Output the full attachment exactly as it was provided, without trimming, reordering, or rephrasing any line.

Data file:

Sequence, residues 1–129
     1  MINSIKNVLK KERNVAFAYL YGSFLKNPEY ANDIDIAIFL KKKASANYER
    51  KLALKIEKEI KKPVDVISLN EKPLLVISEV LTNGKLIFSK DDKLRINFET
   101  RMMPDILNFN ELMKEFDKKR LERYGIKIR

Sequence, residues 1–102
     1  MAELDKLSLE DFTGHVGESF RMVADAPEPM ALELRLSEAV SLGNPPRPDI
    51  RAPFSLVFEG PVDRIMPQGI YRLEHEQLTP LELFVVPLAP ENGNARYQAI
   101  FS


Sequence, residues 1–129
     1  MINSIKNVLK KERNVAFAYL YGSFLKNPEY ANDIDIAIFL KKKASANYER
    51  KLALKIEKEI KKPVDVISLN EKPLLVISEV LTNGKLIFSK DDKLRINFET
   101  RMMPDILNFN ELMKEFDKKR LERYGIKIR

Sequence, residues 1–102
     1  MAELDKLSLE DFTGHVGESF RMVADAPEPM ALELRLSEAV SLGNPPRPDI
    51  RAPFSLVFEG PVDRIMPQGI YRLEHEQLTP LELFVVPLAP ENGNARYQAI
   101  FS